When you have as your guest, a man of nearly ninety, with an emotional tale like that of Manfred Goldberg, to tell, keeping quiet, listening and thus, learning, is what you must do. It is what Maajid Nawaz did. Manfred Goldgerg has just been awarded the British Empire Medal, for services to Holocaust education, and, for indeed, a life well lived. For in particular, Mr. Goldberg speaks to and visits schools, for example, in association with the Holocaust Educational Trust, a UK based organisation, that in a truly broad and dedicated way, does exactly that, educates about the Holocaust. A victim of that blight on the history of humanity, from a very early age, he is a survivor of various camps. His tale is not one I can tell, but he does. It is his story far more than it is history. He is here to tell the tale. And he does so in a way, so measured in his delivery, so poignant in the message. But soon he, and all who can tell their stories, no longer shall, for they shall not be with us.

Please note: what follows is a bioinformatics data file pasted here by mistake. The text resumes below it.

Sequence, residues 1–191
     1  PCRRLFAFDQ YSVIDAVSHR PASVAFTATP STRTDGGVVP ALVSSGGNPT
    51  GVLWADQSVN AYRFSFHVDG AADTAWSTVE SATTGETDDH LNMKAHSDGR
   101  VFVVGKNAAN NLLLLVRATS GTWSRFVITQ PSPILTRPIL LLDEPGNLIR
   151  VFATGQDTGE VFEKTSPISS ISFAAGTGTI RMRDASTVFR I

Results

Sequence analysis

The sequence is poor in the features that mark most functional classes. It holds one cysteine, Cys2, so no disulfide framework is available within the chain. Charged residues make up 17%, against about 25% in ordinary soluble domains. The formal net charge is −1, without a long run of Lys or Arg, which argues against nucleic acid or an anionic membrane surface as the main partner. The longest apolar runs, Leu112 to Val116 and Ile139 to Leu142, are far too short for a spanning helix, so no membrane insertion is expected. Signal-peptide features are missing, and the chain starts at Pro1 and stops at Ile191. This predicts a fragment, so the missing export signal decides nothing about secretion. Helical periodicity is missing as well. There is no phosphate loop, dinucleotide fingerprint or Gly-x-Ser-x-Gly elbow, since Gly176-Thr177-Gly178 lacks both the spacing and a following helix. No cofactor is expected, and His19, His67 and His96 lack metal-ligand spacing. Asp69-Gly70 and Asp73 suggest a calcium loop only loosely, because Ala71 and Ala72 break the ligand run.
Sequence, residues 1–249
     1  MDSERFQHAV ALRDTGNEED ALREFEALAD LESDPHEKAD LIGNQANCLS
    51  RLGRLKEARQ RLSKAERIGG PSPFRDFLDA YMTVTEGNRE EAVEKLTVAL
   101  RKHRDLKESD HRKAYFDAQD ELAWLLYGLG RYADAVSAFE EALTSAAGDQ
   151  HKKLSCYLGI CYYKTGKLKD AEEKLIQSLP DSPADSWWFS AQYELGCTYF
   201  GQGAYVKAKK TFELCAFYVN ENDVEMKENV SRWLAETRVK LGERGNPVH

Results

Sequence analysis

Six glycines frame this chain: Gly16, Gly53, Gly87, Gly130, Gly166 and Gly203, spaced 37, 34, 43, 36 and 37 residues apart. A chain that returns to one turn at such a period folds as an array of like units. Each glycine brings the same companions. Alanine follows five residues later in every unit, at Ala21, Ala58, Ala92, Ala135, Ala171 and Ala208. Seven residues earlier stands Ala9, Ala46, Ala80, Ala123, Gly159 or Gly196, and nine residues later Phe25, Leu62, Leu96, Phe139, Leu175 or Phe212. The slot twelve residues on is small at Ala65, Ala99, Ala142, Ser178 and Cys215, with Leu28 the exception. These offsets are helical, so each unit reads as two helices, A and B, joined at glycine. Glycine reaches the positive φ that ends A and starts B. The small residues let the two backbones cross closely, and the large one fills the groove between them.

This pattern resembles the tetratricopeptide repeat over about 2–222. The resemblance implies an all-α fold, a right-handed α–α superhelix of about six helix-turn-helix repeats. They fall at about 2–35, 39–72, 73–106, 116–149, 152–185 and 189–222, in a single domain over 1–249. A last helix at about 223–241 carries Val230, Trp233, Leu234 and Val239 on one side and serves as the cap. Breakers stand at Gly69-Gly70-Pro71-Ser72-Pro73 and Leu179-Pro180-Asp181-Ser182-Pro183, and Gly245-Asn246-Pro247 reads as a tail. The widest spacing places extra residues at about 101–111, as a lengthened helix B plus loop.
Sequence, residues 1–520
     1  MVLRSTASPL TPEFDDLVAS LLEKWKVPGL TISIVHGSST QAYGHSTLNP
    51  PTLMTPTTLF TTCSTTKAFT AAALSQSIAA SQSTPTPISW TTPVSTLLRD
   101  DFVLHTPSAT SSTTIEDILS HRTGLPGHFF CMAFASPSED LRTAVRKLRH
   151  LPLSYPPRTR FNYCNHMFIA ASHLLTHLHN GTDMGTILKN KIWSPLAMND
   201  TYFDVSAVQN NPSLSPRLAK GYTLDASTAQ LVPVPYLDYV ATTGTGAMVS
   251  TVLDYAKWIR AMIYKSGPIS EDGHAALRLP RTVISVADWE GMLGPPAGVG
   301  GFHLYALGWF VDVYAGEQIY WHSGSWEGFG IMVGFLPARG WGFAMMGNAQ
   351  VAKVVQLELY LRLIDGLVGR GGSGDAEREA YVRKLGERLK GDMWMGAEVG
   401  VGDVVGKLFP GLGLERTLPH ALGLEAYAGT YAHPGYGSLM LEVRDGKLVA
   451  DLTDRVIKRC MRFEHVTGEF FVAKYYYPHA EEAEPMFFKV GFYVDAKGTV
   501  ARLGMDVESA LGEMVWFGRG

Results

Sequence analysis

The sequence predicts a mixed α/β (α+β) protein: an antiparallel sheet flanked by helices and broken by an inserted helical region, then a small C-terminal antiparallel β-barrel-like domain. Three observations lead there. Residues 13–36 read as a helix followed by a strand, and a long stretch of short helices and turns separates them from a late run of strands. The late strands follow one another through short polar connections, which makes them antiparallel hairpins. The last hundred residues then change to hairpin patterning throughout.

When the great Steven Spielberg made Schindler's List, a man thus far all too engaged in the day to day passion, almost obsession, that filmmaking was to him, he changed, or developed.This brilliant talent for making films, and in the movie world, became aligned to a committed interest in making impact, within the wider world. His Shoah project that followed the making of his superb film, of Oscar Schindler's individual story, was the recording, on film, of the individual tales of Holocaust survivors, personal stories, each. He, Spielberg, reveals what we all, every one of us, should realise, the personal must inform the political, the individual must shape the social. The Holocaust is the true story of an ideology that had only room for group-think, in which individuals were seen as only part of groups, and in which smaller groups were subordinate to larger groups, as surely as human beings were stripped of their humanity and dignity. No better antidote to this, years later, can be possible, than that through the testimony, of individuals, we enhance humanity, ensure dignity, and enrich individuality.